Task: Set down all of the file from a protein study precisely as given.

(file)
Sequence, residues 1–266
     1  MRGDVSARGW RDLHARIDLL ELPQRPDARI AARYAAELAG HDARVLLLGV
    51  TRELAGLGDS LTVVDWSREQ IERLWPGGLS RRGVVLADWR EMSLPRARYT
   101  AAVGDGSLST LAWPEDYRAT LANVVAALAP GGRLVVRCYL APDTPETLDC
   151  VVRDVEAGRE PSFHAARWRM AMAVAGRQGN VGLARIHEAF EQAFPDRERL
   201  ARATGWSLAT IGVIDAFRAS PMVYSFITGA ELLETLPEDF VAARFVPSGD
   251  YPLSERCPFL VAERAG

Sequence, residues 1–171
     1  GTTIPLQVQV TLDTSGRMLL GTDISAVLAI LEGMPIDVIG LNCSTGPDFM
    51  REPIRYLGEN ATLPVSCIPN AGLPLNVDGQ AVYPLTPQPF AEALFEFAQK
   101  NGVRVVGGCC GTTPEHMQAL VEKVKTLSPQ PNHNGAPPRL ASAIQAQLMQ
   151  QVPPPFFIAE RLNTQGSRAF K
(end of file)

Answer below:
Sequence, residues 1–266
     1  MRGDVSARGW RDLHARIDLL ELPQRPDARI AARYAAELAG HDARVLLLGV
    51  TRELAGLGDS LTVVDWSREQ IERLWPGGLS RRGVVLADWR EMSLPRARYT
   101  AAVGDGSLST LAWPEDYRAT LANVVAALAP GGRLVVRCYL APDTPETLDC
   151  VVRDVEAGRE PSFHAARWRM AMAVAGRQGN VGLARIHEAF EQAFPDRERL
   201  ARATGWSLAT IGVIDAFRAS PMVYSFITGA ELLETLPEDF VAARFVPSGD
   251  YPLSERCPFL VAERAG

Sequence, residues 1–171
     1  GTTIPLQVQV TLDTSGRMLL GTDISAVLAI LEGMPIDVIG LNCSTGPDFM
    51  REPIRYLGEN ATLPVSCIPN AGLPLNVDGQ AVYPLTPQPF AEALFEFAQK
   101  NGVRVVGGCC GTTPEHMQAL VEKVKTLSPQ PNHNGAPPRL ASAIQAQLMQ
   151  QVPPPFFIAE RLNTQGSRAF K